Shadab wasn't done yet. Glenn Maxwell, who couldn't quite put away Imad Wasim, needed a release point. Shadab had a deep point stationed and tossed one ball up, and the Aussie batter reverse hit it straight down the fielder's throat there. At 96 for 5 in the 13th over, Australia's chase should've whimpered away, but up stepped Stoinis and Wade to set up a Trans-Tasman World Cup final.
About the first innings...
Pakistan before Zampa
Aaron Finch's advantage at the toss was nullified early by some flat bowling from his quicks. He went a bit left-field and tried to squeeze in one Glenn Maxwell over in the PowerPlay, against two very good players of spin in what was an unfavorable match-up. Both Babar Azam and Mohammad Rizwan picked a four each to get their innings going with the 10-run fourth over. Rizwan was a bit scratchy to begin with, but he shrugged that off in style - carting Josh Hazlewood for a six behind square leg. Without breaking much of a sweat, Pakistan cruised to 47/0 in 6 overs. This was the fourth time in six matches that Pakistan did not lose a single wicket in the first six overs. This was also only the second time Australia failed to pick a wicket in that phase.
The middle-overs and the Zampa impact
Adam Zampa's leg spin made the two Pakistan openers a touch circumspect as they were content to take just four singles in the seventh over. Finch could even get away with another from Maxwell that Azam and Rizwan couldn't truly capitalise on, instead picking six singles off it. Zampa continued to smartly pull his lengths back, eventually dragging Azam into a false shot, as he slogged one to David Warner at long on. Pakistan saw their batting curve take a downward turn, heading to 71/1 in 10 overs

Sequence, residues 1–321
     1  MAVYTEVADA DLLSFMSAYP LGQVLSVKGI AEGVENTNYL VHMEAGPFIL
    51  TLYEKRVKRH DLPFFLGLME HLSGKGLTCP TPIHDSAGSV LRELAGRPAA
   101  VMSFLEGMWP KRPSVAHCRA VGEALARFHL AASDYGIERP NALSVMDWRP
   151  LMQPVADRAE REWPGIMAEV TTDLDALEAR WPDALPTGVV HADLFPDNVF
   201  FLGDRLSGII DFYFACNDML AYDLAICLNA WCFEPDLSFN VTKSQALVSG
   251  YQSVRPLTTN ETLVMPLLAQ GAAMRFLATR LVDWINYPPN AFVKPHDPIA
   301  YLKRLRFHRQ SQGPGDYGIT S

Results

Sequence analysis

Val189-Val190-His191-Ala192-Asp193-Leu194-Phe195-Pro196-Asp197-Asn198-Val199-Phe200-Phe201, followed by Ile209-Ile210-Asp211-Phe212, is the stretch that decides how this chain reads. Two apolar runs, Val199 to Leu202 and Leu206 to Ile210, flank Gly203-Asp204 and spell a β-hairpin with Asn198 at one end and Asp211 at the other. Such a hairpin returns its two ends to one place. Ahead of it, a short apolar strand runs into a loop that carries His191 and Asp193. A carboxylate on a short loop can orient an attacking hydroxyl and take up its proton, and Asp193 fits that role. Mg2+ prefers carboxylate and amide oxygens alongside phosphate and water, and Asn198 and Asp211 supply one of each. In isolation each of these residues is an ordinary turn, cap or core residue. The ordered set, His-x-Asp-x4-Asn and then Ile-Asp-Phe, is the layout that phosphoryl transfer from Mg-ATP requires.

The Rizwan-Zaman recovery
Just when Australia were starting to tighten their grip on the game, Rizwan turned the tables against their best bowler - Zampa. He slog swept the leggie over deep midwicket to become the first cricketer to go past 1000 runs in the format in this calendar year. It threw Zampa off his lengths, and a four byes ensued before culminating in a 14-run over. Starc returned and shook Rizwan up - quite literally - with a mean bouncer that struck him on the helmet and left him with bump on the left side of his head. But Rizwan responded by whacking a Hazlewood delivery disdainfully over deep midwicket to bring up his 32-ball half-century - his third of the tournament.
Zaman got going in Hazlewood's following over, which became Pakistan's springboard for a flying finish. Hazlewood went too full and was punished, and even unfurled a waist-high no-ball in a forgettable 21-run over in the 17th. Starc ended Rizwan's night on 67 off 52 in the following over, but Zaman - camping deep in his crease - had a lot more to offer. He got under a full ball and hit it for a big six, and then a straight whack for four off a full toss, that gave the umpire a reaction time of 0.68 seconds to duck out of the way.
Cummins tied down this menacing Zaman but Starc couldn't follow suit in the final over. He did Zaman a couple of favours by going full as the left-hander took full toll by sending them over long on to get to a 31-ball half-century. Matthew Hayden added to the incredulity of Rizwan's knock by revealing that the opener was in a hospital last night suffering with a lung condition.
Brief Scores: Pakistan 176/4 in 20 overs (Mohammad Rizwan 67, Fakhar Zaman 55*; Mitchell Starc 2-38) lost to Australia